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THE BROADBAND OPPORTUNITY: WHAT NEEDS TO BE DONE? 83 15 percent yielded by either DSL or cable-modem service. Not only was this rate already far below that which the technology curve should have been providing, but it seemed to be in the process of slowing even more. Bandwidth Costs Dominant Dr. Ferguson commented further that bandwidth rather than computer hard- ware frequently dominated the total cost of adoption of a new network-computing application. Personal computers were powerful and cheap, but deploying a high- performance, high-quality videoconferencing system could nonetheless prove extremely expensive. Purely for purposes of illustration, he posited the use of T-1 service, whose price/performance, he pointed out, had improved very slowly if at all over the previous several years. If two T-1 lines were required for point-to- point connections between two personal computers, over a three- or four-year period the total costs of using that service would be completely dominated by bandwidth costs. Competition in U.S. Markets Flawed What was the reason for this? While allowing that in various respects regula- tory costs imposed on the entire system accounted for some degree of drag, this was "not the principal story" in Dr. Ferguson's opinion. Very simply, he stated, there were two monopoly industries providing broadband service in the United States, both had very severe conflicts of interest, and they avoided competing with each other except in the residential market. And even in the residential market, their competition with one another was "quite restrained, and much less substantial than you might suspect." The conflict of interest of the telephone companies was, Dr. Ferguson asserted, "fairly obvious": They had incumbent businesses that were providing very expensive voice and traditional data services, and very rapid improvements in price/performance of bandwidth would have undercut their dominant busi- nesses in a major way. The same was true of the cable system: It provided video services that could easily be provided over a sufficiently high-performance IP network. Additional conflicts of interest in both industries related not only to Internet telephony but also to intellectual property rights and to proprietary intellectual property control. This was particularly so of the cable television industry, which had many proprietary-entertainment and other content assets. It was very afraid of the effects of piracy, and one consequence was that cable operators wanted to provide downstream-weighted services, because "upstream service is what deter- mines piracy levels when you're using peer-to-peer networks," Dr. Ferguson stated. Cable-modem service, like DSL, is a very asymmetric service and heavily weighted downstream; and the reason that the telephone companies preferred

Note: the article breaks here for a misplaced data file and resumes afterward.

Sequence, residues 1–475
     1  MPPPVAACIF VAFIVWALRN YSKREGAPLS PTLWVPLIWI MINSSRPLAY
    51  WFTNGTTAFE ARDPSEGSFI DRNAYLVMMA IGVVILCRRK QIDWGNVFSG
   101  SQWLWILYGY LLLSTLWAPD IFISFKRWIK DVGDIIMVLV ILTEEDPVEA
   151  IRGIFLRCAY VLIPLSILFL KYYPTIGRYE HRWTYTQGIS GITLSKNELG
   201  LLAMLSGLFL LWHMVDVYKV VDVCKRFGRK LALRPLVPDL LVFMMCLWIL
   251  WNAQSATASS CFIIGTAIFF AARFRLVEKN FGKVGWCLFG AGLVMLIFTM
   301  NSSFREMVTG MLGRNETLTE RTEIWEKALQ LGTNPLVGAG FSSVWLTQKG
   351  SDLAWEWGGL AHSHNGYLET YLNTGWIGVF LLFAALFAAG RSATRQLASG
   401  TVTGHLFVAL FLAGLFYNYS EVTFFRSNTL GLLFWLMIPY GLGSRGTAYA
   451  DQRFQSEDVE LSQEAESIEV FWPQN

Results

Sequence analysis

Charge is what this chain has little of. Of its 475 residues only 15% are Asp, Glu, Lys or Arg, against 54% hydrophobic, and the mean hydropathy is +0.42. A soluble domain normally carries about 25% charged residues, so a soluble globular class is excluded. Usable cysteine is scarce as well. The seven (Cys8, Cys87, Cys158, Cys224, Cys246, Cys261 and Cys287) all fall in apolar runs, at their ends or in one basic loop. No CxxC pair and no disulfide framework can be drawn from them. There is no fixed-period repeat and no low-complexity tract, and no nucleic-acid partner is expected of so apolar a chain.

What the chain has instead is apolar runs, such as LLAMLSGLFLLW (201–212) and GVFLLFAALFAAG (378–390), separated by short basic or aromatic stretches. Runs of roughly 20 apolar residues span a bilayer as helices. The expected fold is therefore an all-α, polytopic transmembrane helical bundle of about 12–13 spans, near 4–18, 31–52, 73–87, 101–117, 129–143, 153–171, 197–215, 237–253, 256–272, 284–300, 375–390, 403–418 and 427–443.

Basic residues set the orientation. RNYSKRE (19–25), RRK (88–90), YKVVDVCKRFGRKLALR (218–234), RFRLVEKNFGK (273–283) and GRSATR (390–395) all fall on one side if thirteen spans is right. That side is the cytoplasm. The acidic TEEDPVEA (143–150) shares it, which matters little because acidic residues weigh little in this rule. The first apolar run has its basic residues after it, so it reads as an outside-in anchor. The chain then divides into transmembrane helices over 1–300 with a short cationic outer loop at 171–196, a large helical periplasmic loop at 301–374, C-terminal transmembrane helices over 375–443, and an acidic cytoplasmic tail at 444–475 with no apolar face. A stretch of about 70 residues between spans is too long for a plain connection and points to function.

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84 THE TELECOMMUNICATIONS CHALLENGE downstream-weighted is that symmetric service would make it far easier to use Internet telephony. `Local Bandwidth Bottleneck' Hurts Computing Distortions existed in both industries, he said, and not only about service's price/performance but also about its technical characteristics, its quality levels, and the degree to which it was symmetric. He judged the economic stakes involved in this question to be "quite large" for the country. While computing them in a rigorous way would be extraordinarily difficult, it seemed increasingly clear that the "local bandwidth bottleneck" was having a substantial effect on the growth of the computer industry, of various other portions of the information technology hardware sector, and of the American economy. "You can convince yourself reasonably easily," he stated, "that this effect is something on the order of one-half of 1 percent--or even up to 1 percent--per year in lost productivity growth and GNP, which is a lot." This obviously had some effect, although it was not clear how substantial, on American job losses, Dr. Ferguson said, alluding to the prevailing debate over outsourcing. There was no question that broadband infrastructure was having a significant effect on the way industry was growing in China and Southeast Asia. While India had traditionally been far, far behind in telecommunications infra- structure and was still far behind both the rest of Asia and the United States, even it was gaining rapidly: Although from a very, very low base, the number of broad- band connections in India was going up quite rapidly, on the order of 300 percent per year. Broadband Shortcomings Hurt National Security In addition to the direct economic effects, there were quite significant national security effects arising from forgone opportunity and capability in the broadband system under which the United States was laboring, Dr. Ferguson said. First, any major terrorist emergency, such as an attack that used weapons of mass destruc- tion, would undoubtedly result in major quarantines and disruption of transporta- tion systems. It would be imperative for many people to be able to talk to each other and understand each other's concerns at high bandwidth across wide geo- graphical distances and with impaired mobility; the utility of a nationwide broad- band system in such a situation is obvious. Then, in light of recent events in the Persian Gulf, one might also ask about the impact of reduced transportation demand on oil prices, oil security, and so forth. "Once again," he said, "one can convince oneself that the issue here is really quite substantial." To whatever extent the United States faced a problem of "digital divide"-- disparity in broadband, Internet, and computing access as a function of economic ability and economic status--that problem was also coming to be increasingly